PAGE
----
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|Title||Anna Louise Strong letter to Eleanor Roosevelt regarding German and Soviet actions in the Baltic, October 12, 1939|
|Author||Strong, Anna Louise (1885-1970)|
In this letter to Eleanor Roosevelt, Anna Louise Strong praises her ability to "puncture the hysteria of the Dies Committee with a little decency and common sense". She expresses her frustration with the committee's activities, and thinks that the committee's source, "Krivitsky", is giving inaccurate information about the Soviet Union and "has the marks of an impostor". Strong is glad that both Roosevelt and Winston Churchill seem to agree with the argument she's been making in defense of the Soviets' choice to sign a non-aggression pact with Nazi Germany. She describes the current "Finnish hysteria" as a false story, "manufactured from above" by (she suspects) the British government in an attempt to "switch the war from Germany to the USSR". Strong adds that the Baltic states, contrary to some reports, were dealt with fairly by the Soviets in the annexation process, and that there is "sincere satisfaction" for the people of the Baltic states regarding the treaties that were signed. She notes comments made by Baltic diplomats suggesting that their position is even better thanks to the Soviet decision not to enter into war against Germany, a comment she calls "rather different from most headlines" .
Strong talks optimistically about the repatriation of Baltic Germans -- which she describes as largely voluntary -- as a process whereby "the Latvian people will begin to own their own lands and industries". She believes the Baltic States can be an example of "buying out the capitalists" and non-violent establishment of socialism, though her husband is skeptical. Strong describes the repatriation as a way of costing Germany "her outposts of Baltic empire" without bloodshed .
She points out to Roosevelt the elections held in Soviet-occupied Poland where all adults over the age of 18 are eligible to vote regardless of "sex, race, nationality, religion, education, residence, or previous activities". Strong admits that her comments are "one-sided, to give you the side that is buried rather deep in the papers". Strong suggests that a visit by Roosevelt to the Soviet Pavilion, which they had previously discussed, may be unwise, and notes that she considers it "very inadvisable to attract any unnecessary attacks on either you or the President these days".
Anna Louise Strong (1885-1970) was an American journalist and political activist throughout her life. After spending much of the 1910s working as a progressive advocate for child welfare, she became involved in the labor movement in Seattle, and through that movement increasingly identified herself with international communism. This advocacy, along with her work for the Seattle Union Record, connected her to the events surrounding the Seattle General Strike in 1919. Strong later left Seattle, and spent much of the 1920s and 1930s living in the Soviet Union, meeting with men such as Leon Trotsky and Joseph Stalin, and writing books about her experiences for Western audiences in an attempt to build support for the USSR. During World War II, she continued to promote the cause of communism, although her support for the Chinese communist movement ultimately alienated her from the government in Moscow, limiting her to one visit to the Soviet Union in the final two decades of her life. She spent most of those years living in the People's Republic of China, befriending Zhou Enlai and Mao Zedong, and continuing to publish books and articles in support of communism until the end of her life.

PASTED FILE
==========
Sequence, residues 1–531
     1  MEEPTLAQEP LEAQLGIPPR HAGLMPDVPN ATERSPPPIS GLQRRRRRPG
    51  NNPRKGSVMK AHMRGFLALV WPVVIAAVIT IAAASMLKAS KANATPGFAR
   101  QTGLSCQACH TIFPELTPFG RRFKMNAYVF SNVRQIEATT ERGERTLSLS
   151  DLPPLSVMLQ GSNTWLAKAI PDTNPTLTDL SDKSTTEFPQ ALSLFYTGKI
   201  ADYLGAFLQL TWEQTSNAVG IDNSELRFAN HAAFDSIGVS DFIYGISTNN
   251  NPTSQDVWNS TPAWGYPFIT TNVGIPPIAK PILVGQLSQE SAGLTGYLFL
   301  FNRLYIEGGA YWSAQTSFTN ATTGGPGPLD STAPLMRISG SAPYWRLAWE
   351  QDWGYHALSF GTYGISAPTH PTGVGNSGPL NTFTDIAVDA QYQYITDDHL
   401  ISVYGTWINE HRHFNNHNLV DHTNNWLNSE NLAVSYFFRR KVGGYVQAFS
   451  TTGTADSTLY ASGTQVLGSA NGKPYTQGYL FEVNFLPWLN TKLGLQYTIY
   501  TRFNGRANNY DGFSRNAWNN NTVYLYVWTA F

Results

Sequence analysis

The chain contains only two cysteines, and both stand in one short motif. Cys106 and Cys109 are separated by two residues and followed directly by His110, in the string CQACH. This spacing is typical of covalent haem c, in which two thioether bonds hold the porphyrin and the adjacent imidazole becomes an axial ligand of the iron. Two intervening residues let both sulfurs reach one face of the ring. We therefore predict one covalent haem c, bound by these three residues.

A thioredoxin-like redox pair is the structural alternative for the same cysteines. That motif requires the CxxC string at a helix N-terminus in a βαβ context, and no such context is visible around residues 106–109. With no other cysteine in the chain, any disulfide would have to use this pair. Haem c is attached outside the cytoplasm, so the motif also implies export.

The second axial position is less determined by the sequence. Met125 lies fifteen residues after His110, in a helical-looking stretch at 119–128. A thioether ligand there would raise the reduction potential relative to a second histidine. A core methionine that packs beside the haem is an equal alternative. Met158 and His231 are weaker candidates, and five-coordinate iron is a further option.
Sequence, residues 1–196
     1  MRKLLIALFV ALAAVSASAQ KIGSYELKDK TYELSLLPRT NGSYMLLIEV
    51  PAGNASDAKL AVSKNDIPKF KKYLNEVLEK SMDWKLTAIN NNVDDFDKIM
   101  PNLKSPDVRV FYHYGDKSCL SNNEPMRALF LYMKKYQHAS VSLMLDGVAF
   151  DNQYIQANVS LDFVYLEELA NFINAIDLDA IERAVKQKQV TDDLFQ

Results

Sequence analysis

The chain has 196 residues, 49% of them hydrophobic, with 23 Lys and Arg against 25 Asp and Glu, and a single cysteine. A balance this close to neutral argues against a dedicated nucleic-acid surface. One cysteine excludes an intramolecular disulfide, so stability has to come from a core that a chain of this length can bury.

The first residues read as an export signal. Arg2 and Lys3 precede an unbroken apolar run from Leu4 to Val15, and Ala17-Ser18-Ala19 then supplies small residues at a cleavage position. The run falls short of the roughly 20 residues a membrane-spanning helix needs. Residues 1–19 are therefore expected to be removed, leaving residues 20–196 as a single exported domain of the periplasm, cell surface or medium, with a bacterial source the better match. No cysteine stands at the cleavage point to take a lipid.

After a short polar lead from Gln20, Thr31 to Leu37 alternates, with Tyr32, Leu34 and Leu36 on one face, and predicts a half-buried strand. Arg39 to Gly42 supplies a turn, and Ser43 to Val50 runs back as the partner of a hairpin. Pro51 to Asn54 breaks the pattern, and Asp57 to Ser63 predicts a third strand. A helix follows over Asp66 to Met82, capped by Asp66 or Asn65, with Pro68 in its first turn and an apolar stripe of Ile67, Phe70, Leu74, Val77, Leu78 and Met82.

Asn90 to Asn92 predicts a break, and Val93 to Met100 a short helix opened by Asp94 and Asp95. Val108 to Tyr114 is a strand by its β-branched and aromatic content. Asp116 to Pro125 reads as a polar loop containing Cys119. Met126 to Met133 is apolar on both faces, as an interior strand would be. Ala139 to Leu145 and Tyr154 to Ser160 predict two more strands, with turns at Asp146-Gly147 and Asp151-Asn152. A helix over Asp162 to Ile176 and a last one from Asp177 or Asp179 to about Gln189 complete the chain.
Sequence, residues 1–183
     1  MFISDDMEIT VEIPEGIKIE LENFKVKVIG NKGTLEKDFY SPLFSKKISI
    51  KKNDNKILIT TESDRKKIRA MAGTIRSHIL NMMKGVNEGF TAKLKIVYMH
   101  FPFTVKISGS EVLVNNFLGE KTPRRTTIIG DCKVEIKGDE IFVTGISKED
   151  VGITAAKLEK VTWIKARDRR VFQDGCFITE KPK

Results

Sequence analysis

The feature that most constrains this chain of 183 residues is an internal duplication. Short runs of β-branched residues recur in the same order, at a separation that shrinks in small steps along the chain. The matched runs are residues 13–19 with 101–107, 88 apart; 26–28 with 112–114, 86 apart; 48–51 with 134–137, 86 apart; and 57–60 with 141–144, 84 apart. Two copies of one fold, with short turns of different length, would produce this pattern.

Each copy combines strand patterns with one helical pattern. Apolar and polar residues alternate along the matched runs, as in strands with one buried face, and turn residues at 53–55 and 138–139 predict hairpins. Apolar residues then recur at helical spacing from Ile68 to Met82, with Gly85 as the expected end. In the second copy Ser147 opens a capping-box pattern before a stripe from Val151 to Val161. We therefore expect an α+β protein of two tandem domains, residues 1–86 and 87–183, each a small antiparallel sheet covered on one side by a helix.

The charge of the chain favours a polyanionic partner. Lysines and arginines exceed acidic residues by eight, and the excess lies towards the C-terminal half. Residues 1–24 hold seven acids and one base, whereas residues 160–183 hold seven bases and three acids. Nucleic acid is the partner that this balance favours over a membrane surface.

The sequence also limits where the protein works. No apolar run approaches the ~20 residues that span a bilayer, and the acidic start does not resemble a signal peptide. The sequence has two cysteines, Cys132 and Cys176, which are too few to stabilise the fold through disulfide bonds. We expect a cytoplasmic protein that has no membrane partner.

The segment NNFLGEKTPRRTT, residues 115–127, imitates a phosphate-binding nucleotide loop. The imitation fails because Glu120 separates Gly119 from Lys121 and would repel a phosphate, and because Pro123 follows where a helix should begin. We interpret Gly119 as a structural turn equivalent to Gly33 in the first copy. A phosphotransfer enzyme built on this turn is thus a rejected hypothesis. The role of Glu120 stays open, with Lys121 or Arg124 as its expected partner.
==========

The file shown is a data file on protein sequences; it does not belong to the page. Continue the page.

Eleanor Roosevelt (1884-1962) was First Lady of the United States from 1933 to 1945 as the wife of President Franklin D. Roosevelt (as well as being the niece of an earlier American president, Theodore Roosevelt). In the 1930s, she had become a prominent advocate for the New Deal and the African-American civil rights movement. During World War II, she became an advocate for the United Nations, and later served as the United States' delegate to the U.N., chairing the commission that composed the Universal Declaration of Human Rights.
Strong, Anna Louise, 1885-1970--Correspondence
Roosevelt, Eleanor, 1884-1962--Correspondence
World War, 1939-1945--Baltic States
|Digital Collection||Pamphlet and Textual Documents Collection|
|Digital ID Number||PAM0394|
|Ordering Information||To order a reproduction or inquire about permissions contact: firstname.lastname@example.org. Please cite the Order Number.|
|Repository||University of Washington Libraries. Special Collections Division|
|Repository Collection||Anna Louise Strong papers. Accession No. 1309-001. Box 4/18|
|Physical Description||2 leaves; 27.5 x 21.5 cm.|
|Digital Reproduction Information||Scanned from original text or image at 150 dpi saved in TIFF format, resized and enhanced using Adobe Photoshop, and imported as JPEG2000 using Contentdm software's JPEG2000 Extension. 2010.|